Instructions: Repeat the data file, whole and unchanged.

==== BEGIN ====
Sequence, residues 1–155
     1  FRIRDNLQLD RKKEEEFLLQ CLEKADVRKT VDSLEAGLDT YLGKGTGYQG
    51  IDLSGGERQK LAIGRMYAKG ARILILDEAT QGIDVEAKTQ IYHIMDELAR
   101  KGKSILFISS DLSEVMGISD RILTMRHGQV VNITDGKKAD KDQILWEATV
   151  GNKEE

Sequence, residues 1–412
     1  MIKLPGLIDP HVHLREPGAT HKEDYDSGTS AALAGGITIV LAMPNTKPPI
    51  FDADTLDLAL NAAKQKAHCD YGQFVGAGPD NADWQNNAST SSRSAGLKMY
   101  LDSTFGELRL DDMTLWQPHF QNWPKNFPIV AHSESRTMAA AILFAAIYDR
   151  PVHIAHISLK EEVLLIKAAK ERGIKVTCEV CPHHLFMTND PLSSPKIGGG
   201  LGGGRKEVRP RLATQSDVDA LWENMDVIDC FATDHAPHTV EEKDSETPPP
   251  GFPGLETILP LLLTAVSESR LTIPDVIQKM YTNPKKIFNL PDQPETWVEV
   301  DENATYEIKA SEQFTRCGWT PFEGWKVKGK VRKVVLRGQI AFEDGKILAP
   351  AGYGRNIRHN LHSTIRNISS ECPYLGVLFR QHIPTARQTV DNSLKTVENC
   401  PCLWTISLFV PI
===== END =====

Sequence, residues 1–155
     1  FRIRDNLQLD RKKEEEFLLQ CLEKADVRKT VDSLEAGLDT YLGKGTGYQG
    51  IDLSGGERQK LAIGRMYAKG ARILILDEAT QGIDVEAKTQ IYHIMDELAR
   101  KGKSILFISS DLSEVMGISD RILTMRHGQV VNITDGKKAD KDQILWEATV
   151  GNKEE

Sequence, residues 1–412
     1  MIKLPGLIDP HVHLREPGAT HKEDYDSGTS AALAGGITIV LAMPNTKPPI
    51  FDADTLDLAL NAAKQKAHCD YGQFVGAGPD NADWQNNAST SSRSAGLKMY
   101  LDSTFGELRL DDMTLWQPHF QNWPKNFPIV AHSESRTMAA AILFAAIYDR
   151  PVHIAHISLK EEVLLIKAAK ERGIKVTCEV CPHHLFMTND PLSSPKIGGG
   201  LGGGRKEVRP RLATQSDVDA LWENMDVIDC FATDHAPHTV EEKDSETPPP
   251  GFPGLETILP LLLTAVSESR LTIPDVIQKM YTNPKKIFNL PDQPETWVEV
   301  DENATYEIKA SEQFTRCGWT PFEGWKVKGK VRKVVLRGQI AFEDGKILAP
   351  AGYGRNIRHN LHSTIRNISS ECPYLGVLFR QHIPTARQTV DNSLKTVENC
   401  PCLWTISLFV PI